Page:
The goal of any production line is to keep moving. When lines are backed up, it directly affects throughput, productivity, and profit. Garvey’s mission is to help manufacturers maximize their production. One of the best methods to achieve this is through a line analysis.
How to Identify Your Constraint
Understanding the efficiency of a production line allows you to maximize your production. Every line has a constraint. This is defined as a machine that depends on the efficiency of other machines in the production line to operate.
For example, a typical wine production line has this series of equipment to operate:
Each of these machines has its own efficiency, design rate, and throughput. However, the line is working as one group to operate. By performing a line analysis, you can pinpoint the machine with the lowest throughput that puts a constraint on the rest of the line.
To calculate the efficiency of a piece of equipment, you need the mean time to repair it and the mean time between failures, multiplied by the products per minute of the design rate of the machine.
In this example, the design rate for each piece of equipment is on top, followed by the uptime and the average bottles per minute produced. So, the decaser is designed to run at 240 bottles per minute, but due to repair time runs about 95% of the day, making the machine, on average, produce 228 bottles per minute.
240 bottles x .95 uptime = 228 bottles per minute
By calculating the efficiencies of each machine, you can find the lowest one. In this production line example, the filler is the slowest and, therefore, the constraint. Since the line is running as a whole, the slower throughput of that one machine directly affects the efficiency of the others, lowering the overall production capability of the line.
Once the weakest link in the production line is found through line analysis, solutions can be implemented to break up the production line into smaller groups. These groups function more independently with the help of accumulation.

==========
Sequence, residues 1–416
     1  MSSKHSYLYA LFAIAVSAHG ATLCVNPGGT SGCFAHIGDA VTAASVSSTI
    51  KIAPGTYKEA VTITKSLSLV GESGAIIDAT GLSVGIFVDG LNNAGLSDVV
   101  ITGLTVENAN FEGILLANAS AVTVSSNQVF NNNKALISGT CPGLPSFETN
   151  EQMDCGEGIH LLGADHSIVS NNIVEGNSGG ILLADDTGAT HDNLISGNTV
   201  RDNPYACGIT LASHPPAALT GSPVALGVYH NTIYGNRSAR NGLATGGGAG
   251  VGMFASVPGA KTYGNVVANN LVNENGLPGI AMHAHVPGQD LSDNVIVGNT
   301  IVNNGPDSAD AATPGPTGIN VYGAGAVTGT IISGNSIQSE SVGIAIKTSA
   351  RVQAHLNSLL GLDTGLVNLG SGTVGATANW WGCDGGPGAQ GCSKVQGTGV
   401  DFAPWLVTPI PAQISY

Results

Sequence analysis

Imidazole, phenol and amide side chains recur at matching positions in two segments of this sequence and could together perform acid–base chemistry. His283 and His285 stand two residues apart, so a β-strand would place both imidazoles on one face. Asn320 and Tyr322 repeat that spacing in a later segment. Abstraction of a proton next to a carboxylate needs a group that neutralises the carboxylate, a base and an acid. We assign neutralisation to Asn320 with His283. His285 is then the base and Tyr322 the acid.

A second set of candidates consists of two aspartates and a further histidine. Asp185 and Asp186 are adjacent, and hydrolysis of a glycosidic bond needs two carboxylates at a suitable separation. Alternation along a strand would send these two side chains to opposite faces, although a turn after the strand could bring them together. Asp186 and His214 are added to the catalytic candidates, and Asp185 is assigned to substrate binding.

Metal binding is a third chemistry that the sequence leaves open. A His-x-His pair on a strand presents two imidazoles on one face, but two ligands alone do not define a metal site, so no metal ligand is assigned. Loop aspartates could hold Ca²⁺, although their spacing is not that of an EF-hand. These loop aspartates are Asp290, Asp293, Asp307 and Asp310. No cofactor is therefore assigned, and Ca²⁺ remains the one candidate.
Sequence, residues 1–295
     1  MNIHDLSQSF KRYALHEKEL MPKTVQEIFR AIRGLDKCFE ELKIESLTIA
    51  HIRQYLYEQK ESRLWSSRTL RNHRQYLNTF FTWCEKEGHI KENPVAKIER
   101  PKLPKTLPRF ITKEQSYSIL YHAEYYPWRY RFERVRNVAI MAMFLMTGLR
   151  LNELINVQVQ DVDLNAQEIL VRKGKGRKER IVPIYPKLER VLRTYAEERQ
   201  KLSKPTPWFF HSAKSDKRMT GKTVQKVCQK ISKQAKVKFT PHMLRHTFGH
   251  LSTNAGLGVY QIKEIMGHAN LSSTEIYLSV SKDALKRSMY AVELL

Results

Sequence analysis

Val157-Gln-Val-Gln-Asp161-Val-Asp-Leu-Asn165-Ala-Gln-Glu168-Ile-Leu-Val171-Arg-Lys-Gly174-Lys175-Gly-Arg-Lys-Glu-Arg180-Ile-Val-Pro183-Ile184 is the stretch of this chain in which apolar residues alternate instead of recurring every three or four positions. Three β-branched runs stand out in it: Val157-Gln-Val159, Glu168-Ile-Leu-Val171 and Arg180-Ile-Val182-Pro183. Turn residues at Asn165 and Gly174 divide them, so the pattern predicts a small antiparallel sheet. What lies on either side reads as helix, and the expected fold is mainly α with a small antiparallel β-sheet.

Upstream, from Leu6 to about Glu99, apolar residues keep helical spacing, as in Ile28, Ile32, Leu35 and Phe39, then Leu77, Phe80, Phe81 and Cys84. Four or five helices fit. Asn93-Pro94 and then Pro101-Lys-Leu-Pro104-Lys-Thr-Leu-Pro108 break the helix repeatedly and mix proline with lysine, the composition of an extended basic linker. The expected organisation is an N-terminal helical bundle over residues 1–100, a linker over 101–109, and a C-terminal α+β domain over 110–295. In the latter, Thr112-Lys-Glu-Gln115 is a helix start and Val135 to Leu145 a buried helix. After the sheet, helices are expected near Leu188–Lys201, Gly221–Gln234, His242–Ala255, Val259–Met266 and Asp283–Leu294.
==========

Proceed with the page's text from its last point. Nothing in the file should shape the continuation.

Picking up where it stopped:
Improving Line Efficiency Through Accumulation
Accumulation is essentially adding buffers to a production line. These buffers divert products, allowing the machine to keep operating even if another piece of equipment in the line is down.
In the case of the example wine production line, the filler has the slowest throughput. By adding an accumulator before and after the filler, bottles can be diverted at any time. So, suppose the labeler is down momentarily because it’s run out of labels or the capsular needs refilling. In that case, the filler can keep on running independently and divert products to the accumulator instead.
Accumulation allows manufacturers to break up their line, diverting products and allowing equipment to be quickly reset, refilled, or repaired without interfering with the rest of the production. This enables the production line to run as fast as the slowest machine in the production line. By keeping the production line in motion, manufacturers can dramatically increase throughput and productivity.
Starting the Line Analysis Process
This wine production line example highlights the benefits of analyzing your own line. Each manufacturer has a unique approach to moving products. Finding your specific constraint is the first step toward implementing an accumulation solution to improve your overall line efficiency. Our experts can help you find your constraint and develop a solution.